Growing Celery in New South Wales
Celery is a cool season crop and is best grown in the moderate weather of spring to early summer. It has a reputation of being hard to grow, but when planted in the right conditions, it can thrive in the home garden.
Don’t plant celery when the weather is too warm or too cold. The key to success with celery is moderate weather.
You might be tempted to plant celery in a shady spot because it’s a leafy green. Celery actually needs quite a lot of sun to produce big plants and long stems. It needs at least 5-7 hours of sun a day, but will enjoy some afternoon shade.
Dig in lots compost and well-rotted manure. Celery is a heavy feeder and likes rich, well-draining soil. Celery plants have exceptionally fine roots, so they need very light soil. If you have heavier soil in your garden, then you can plant them into pure compost in a raised bed.
Soak the seeds for 24 hours before planting
Simply sprinkle the seeds onto your soil, cover loosely, and water in. Celery is quite tricky to grow from seed, so unless you’re a very experienced gardener, rather plant seedlings. Celery seeds are really tiny, which makes them hard to sow evenly. Like carrots, they need to be thinned once they’re up. The easiest way to thin them is to use a small pair of scissors and simply cut away the unwanted seedlings. Cutting is a great way to remove any extra seedlings without disturbing the ones you plan to keep.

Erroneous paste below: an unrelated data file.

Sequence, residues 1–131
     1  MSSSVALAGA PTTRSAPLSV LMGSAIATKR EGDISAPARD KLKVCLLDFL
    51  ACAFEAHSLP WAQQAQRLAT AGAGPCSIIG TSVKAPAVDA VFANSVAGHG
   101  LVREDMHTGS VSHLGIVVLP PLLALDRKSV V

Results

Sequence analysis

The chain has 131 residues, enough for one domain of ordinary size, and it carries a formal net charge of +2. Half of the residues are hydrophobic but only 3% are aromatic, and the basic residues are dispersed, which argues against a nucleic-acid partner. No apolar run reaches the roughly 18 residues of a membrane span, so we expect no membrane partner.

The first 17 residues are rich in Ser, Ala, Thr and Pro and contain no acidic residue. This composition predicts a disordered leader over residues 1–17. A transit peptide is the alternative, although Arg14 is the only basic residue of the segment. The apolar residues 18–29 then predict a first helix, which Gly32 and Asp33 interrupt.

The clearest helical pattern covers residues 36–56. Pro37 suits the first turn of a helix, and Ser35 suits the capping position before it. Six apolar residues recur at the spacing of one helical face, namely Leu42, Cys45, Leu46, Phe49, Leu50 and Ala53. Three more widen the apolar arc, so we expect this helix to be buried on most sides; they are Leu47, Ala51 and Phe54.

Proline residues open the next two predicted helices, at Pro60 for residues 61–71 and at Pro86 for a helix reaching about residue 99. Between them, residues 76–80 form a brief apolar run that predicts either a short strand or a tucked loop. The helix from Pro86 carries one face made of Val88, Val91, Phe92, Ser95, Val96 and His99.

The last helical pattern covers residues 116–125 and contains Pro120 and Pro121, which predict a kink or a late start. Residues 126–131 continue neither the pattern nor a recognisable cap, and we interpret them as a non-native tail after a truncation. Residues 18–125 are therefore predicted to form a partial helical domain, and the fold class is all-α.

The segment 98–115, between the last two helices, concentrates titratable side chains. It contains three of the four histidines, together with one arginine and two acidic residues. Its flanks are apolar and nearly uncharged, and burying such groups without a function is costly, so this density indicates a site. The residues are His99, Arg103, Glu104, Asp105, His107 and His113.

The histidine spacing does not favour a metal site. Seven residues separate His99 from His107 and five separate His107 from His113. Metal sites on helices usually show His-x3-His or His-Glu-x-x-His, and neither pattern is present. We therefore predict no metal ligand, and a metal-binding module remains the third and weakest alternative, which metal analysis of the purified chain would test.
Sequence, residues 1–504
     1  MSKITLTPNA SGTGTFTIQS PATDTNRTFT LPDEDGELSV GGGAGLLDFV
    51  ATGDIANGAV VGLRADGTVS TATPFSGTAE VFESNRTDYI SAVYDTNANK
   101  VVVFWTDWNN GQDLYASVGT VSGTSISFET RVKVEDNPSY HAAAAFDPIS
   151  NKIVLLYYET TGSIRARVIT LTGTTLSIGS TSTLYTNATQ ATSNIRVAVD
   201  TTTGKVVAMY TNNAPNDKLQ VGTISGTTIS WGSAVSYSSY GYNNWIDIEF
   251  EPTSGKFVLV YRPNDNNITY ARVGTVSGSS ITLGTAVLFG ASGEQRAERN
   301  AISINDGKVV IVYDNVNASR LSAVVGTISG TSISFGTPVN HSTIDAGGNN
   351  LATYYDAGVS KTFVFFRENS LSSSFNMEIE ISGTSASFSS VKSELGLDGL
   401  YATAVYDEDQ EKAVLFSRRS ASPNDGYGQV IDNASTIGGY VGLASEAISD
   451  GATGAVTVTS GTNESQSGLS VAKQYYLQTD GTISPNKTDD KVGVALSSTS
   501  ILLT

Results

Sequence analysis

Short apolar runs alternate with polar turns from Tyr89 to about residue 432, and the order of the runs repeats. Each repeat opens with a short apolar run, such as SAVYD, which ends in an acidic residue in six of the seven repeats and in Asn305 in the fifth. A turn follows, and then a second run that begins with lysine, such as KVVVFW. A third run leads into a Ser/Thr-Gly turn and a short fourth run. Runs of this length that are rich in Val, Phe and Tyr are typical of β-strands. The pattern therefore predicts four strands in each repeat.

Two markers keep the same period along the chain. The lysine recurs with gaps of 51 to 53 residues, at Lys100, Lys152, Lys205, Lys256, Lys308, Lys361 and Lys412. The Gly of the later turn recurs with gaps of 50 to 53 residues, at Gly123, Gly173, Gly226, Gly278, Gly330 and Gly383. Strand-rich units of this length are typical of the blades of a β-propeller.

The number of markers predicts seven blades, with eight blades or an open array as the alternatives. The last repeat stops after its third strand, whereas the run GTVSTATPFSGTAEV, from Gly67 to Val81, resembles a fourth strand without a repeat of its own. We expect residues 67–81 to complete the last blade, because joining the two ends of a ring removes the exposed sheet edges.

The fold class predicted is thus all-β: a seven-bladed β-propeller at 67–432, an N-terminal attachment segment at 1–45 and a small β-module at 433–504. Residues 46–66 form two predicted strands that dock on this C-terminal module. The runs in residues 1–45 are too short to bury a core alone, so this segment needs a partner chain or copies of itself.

Plant celery in trenches and gradually full the trenches as the celery grows, this helps to blanch the stems and makes them tastier when eaten raw. Celery doesn’t like to be crowded, so make sure there is only one plant per hole. Sometimes even bought seedling may contain more than one plant per pot. If this is the case, either separate them and plant both or thin the weaker plant. Celery can also be grown from discarded celery roots. Simply buy celery that still has its roots on, use the stalks, and re-root the roots; either in soil or water.
Once the stalks reach a good size, tie them loosely and then wrap them in newspaper. Allow the leaves to sick out the top. You can harvest them 2-3 weeks later. The newspaper will protect them from the sun, and they should be pale when you harvest them.
Water regularly to keep the soil moist. Celery likes moist soil, so don’t let it dry out. Remember to give your plants extra water during hot, dry weather.
Celery is a very heavy feeder. Give your plants a good, nitrogen-rich feed every few weeks. Manure, compost tea or organic fertilizer are all good options.
Mulch your celery plants with a thick layer of organic mulch. This will help to keep their roots cool and moist. Lucerne, sugarcane and pea-straw are all good options.
Celery can be harvested whole or you may remove one stalk at a time as needed. Simply pull the tops of the stalks down towards the soil to snap them off the plant or cut them at the base as you would for spinach.
Rotate crops and apply lots of compost. If this is a persistent problem in your garden, nematicides can be applied, but it’s best to try sort the problem out using organic methods first.
Sow alliums (like onions or garlic) nearby to deter carrot fly Cover your plants in an insect proof mesh or fleece.
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